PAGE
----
Stop-motion animation is one of my very favorite ways in which a film can be shot. Because of the painstaking work that goes into each frame, it always seems like every single minute is more thought out than your average cineplex fare. The script, the way the shots are framed, everything -- it all has to work within the limits of the filming method.
As such, I have this theory that movies shot in stop-motion animation will always have a leg up. If you're going to go through the trouble to get the details that the medium demands right, you're probably going to have an eye for the other important stuff that goes into making a good movie too. ParaNorman has these characteristics. There is a deliberate excellence in the craftsmanship that I, at least, have come to expect from stop-motion animation. But there is also a truly terrific story to be had. It is a relatively simple one, but it has deep soul, which is a breath of mountain-fresh air in a world where the inverse is usually true of the family fare on offer at the local cineplex.
The title character, Norman (voiced by Kodi Smit-McPhee), is a pre-adolescent outcast who also happens to be a medium. If you're thinking of Haley Joel Osment's character in The Sixth Sense, you're halfway right; Norman has the same unwanted gift, only he's not such an emo mess because of it. That's not to diminish his overall alienation. He has one pseudo-friend, the pudgy and irrepressible Neil (voiced by Tucker Albrizzi). He is bullied by classmates, principally the dimwitted Alvin (voiced by Christopher Mintz-Plasse), and his sister Courtney (voiced by Anna Kendrick), all of whom see him as a freak. Even his parents (voiced by Leslie Mann and Jeff Garlin) are losing their patience with his talk of talking to the dead. No one believes he actually can, of course.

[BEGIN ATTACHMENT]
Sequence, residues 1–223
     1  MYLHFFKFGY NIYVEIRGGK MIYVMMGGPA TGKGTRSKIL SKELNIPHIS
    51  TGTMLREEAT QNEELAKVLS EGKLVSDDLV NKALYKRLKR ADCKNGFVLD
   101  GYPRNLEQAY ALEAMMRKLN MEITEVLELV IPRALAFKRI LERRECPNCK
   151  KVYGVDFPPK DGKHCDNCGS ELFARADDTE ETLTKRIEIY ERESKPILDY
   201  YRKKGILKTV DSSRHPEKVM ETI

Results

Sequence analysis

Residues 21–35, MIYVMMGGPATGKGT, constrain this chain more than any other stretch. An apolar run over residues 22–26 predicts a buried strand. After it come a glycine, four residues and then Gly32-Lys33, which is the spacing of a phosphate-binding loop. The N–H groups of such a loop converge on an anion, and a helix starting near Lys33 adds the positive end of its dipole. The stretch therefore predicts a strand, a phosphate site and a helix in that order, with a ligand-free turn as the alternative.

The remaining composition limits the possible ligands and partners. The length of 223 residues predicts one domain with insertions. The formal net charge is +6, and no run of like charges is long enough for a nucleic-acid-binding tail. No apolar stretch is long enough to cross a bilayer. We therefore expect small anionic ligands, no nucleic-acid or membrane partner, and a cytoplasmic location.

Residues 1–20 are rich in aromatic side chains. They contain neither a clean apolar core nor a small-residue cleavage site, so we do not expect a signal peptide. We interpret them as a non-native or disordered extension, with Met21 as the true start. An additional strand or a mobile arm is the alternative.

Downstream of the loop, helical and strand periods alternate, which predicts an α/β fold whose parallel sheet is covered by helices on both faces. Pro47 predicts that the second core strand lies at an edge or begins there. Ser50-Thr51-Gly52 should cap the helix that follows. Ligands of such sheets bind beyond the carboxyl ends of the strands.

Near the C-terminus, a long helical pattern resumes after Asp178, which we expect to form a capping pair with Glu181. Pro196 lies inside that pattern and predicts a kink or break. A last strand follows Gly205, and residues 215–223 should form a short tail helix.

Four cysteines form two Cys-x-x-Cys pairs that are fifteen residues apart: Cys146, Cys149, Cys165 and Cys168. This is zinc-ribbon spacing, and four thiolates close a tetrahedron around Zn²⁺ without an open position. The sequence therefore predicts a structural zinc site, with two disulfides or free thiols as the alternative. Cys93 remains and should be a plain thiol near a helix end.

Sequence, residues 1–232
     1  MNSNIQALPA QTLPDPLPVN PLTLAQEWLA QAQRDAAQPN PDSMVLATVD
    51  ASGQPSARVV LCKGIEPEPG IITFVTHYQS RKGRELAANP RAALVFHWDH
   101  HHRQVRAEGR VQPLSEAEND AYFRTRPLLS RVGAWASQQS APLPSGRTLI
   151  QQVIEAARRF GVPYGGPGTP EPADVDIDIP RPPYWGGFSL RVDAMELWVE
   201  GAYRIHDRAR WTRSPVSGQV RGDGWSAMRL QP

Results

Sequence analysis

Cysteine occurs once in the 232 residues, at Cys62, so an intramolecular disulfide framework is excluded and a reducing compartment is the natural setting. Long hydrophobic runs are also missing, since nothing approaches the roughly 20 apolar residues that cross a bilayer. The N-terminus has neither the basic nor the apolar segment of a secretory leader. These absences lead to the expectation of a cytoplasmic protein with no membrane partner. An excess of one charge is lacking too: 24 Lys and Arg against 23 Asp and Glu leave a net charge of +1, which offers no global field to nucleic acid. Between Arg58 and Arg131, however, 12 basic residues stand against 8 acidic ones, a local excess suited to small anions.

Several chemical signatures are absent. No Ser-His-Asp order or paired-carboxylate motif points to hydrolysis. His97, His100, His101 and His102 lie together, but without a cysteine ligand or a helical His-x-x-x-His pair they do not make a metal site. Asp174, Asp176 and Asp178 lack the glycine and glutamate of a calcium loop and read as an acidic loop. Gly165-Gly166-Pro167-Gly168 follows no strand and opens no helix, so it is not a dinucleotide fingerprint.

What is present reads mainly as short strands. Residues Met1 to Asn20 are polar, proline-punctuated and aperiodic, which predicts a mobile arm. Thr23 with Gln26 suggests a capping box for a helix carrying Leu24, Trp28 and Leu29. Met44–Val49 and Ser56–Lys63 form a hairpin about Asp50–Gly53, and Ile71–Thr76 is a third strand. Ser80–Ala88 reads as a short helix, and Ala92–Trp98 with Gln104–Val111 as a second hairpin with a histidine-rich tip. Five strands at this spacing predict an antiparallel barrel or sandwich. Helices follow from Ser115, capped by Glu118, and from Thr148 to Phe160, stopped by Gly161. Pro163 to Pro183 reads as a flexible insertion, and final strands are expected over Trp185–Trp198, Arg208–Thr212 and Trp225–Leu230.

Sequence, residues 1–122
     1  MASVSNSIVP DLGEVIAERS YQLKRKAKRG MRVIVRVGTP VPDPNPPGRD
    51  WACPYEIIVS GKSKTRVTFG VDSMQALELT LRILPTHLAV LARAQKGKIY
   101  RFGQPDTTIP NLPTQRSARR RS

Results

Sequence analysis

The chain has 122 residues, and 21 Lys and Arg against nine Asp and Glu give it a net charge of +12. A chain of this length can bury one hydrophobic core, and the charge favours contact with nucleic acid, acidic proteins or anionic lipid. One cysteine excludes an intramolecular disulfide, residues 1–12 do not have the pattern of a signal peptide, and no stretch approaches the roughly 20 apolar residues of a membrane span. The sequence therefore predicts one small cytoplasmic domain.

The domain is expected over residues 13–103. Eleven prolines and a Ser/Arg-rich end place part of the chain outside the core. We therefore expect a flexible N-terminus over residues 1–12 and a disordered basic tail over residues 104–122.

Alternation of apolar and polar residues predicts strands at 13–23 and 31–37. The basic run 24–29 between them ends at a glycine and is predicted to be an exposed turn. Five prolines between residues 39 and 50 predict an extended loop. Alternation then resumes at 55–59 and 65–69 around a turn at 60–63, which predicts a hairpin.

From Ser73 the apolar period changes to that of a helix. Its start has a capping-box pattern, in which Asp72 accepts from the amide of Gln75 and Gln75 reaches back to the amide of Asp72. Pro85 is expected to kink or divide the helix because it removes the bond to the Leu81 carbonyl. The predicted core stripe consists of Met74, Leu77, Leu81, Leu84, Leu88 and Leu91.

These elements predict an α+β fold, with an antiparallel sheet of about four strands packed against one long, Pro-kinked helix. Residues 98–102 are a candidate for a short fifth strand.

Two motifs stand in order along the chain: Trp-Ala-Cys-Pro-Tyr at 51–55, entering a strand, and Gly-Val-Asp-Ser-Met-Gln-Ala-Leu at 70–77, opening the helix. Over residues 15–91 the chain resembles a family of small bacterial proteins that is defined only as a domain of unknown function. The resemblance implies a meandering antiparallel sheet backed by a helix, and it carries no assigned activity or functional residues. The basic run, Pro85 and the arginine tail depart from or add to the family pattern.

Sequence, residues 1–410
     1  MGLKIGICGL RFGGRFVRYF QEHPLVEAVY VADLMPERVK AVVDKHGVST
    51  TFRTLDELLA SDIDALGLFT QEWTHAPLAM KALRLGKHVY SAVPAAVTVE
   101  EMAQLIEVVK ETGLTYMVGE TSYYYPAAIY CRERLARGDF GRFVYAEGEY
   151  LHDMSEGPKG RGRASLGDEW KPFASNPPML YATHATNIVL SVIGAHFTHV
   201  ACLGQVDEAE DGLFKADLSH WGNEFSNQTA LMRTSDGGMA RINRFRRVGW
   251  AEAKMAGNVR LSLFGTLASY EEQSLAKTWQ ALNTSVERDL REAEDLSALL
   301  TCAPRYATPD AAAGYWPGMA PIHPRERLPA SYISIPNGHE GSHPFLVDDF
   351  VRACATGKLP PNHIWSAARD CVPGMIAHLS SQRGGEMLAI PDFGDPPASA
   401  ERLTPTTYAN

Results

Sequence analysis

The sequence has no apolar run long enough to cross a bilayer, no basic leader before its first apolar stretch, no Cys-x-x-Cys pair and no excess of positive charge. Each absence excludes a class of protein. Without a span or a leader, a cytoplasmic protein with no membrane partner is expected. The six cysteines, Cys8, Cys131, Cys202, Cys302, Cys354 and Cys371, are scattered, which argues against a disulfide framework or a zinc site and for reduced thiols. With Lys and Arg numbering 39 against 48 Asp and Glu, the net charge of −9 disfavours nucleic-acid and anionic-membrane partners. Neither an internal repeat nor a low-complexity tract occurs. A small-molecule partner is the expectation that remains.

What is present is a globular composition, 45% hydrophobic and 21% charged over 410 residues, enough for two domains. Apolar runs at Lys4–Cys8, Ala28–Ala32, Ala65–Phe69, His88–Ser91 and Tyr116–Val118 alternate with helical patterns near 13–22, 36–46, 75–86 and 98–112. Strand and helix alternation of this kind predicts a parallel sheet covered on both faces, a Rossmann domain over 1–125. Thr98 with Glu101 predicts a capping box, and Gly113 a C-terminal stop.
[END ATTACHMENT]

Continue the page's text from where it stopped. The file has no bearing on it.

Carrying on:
They will soon enough. His town's resident crazy old guy also happens to be his uncle, Mr. Prenderghast (voiced by John Goodman), and though Norman has been directed to stay away from his estranged relative, he is sucked in by Mr. Prenderghast's claims that he too can see and converse with spirits and that he is single-handedly preventing a witch executed long ago in Blithe Hollow from haunting the village and all of its residents. When his uncle dies suddenly, that mostly unexplained responsibility falls on Norman's shoulders, setting the meat of the plot in motion.
There are some odd inspirations mashed up here -- Scooby Doo and the forgettable Hocus Pocus immediately jump to mind -- but the end product is terrific as is the message, an It-Gets-Better-style lesson that might convince bullies to change their ways and the bullied to turn the other cheek and persevere.
ParaNorman is the second feature-length release from Laika Studios, following on the heels of 2009's critically acclaimed Coraline. I can't say I think they'll ever rival a behemoth like Pixar Studios and unless they branch out from stop-motion animation it seems unlikely that they'll be able to match the prolificness of Dreamworks Animation. But if all three studios had a release out on the same weekend, I'm not sure I'd pick the two animation giants over Laika at this point.